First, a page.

Colorado lobbying reports show more than $20 million spent during 2023 session

At least $20 million was spent on lobbying during this past legislative session, not counting money spent in the lead-up to the General Assembly’s January start date or spending unreported in a state database.

It represents a snapshot of how industry and interest groups try to sway lawmakers into supporting, altering or killing some of the hundreds of measures considered by the legislature every year.

The Denver Post analyzed records posted on the Secretary of State’s website for January through May, though the report included some early filings for the first weeks of June. The legislative session began on Jan. 9 and ran through May 8.

It shows a continuous upward trend of in-session lobbyist spending in that time frame over the past five years, aside from a drop in 2021, and is the first time the figure has topped $20 million in that time period.

The data set included more than 15,000 entries drawn from lobbyist reports that include client and income. Of that, 9,500 entries included zero or empty data for income.

The Secretary of State’s office, which manages the record-keeping, said it found some reporting issues it’s seeking to correct. But by and large, differences could be attributed to lobbyists and clients having different arrangements that don’t always fit neatly in the reporting requirements. That includes lobbyists filing when they have no client or bill position listed and firms making disclosures in different ways, depending on contract structures.

“Firms and lobbyists are not required to structure their agreements or contracts to accommodate the governing documents, but they are required to disclose according to the governing documents,” spokesperson Annie Orloff said in a statement. “In lobbying, it is not uncommon to see a variety of reporting methods due to the circumstances unique to each firm, the lobbyists, and their clients.”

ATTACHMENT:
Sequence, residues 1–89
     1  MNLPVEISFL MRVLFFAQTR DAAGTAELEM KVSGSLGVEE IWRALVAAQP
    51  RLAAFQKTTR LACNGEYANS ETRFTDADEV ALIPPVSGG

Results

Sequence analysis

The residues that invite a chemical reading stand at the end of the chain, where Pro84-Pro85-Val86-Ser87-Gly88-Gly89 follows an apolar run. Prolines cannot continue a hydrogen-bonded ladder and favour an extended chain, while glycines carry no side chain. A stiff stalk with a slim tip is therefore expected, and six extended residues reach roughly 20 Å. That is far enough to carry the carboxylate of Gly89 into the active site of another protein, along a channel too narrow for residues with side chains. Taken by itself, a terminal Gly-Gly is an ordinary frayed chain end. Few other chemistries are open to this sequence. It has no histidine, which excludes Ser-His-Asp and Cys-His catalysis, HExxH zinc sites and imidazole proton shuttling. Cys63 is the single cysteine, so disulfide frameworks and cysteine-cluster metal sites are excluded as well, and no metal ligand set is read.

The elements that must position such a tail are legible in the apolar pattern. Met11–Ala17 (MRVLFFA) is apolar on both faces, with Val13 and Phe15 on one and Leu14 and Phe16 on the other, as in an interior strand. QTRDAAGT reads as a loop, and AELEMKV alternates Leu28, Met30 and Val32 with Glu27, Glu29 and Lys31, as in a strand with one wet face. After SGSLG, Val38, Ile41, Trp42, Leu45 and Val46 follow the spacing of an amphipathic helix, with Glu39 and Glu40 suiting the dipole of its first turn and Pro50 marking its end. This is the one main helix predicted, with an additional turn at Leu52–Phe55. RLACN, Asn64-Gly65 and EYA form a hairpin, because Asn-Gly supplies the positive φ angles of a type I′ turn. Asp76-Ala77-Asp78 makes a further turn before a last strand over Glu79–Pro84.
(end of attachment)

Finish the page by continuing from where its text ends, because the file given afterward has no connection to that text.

Among the biggest spenders: Massachusetts-based biopharmaceutical company Sage Therapeutics, at more than $250,000; Xcel Energy at more than $232,000; and the Colorado Municipal League at more than $167,000.

The spending doesn’t directly translate into legislative victories, Colorado Municipal League Executive Director Kevin Bommer said. Instead, the spending reflects the amount of time and effort sharing perspective on the issue. In all, the league registered positions on more than 100 bills this legislative session.

“I know a lot of folks look at the amount of money spent and think that tells the whole story,” Bommer said. “It’s not. For me, it’s an indicator of what had the most attention and who had the resources to dedicate to that attention. It doesn’t dictate outcomes.”

His group, for example, celebrated one of the splashiest victories of the past legislative session when the land use reform bill championed by Gov. Jared Polis stalled out in the closing hours.

Bommer was a vocal, and early, opponent of the measure. Polis hoped to increase density, particularly along the Front Range. Bommer worried it would erode local decision-making authority usually reserved for the cities he counts as association members.

Bommer’s argument won the day — on the last day of the session — as the House of Representatives and Senate couldn’t find common ground between competing measures.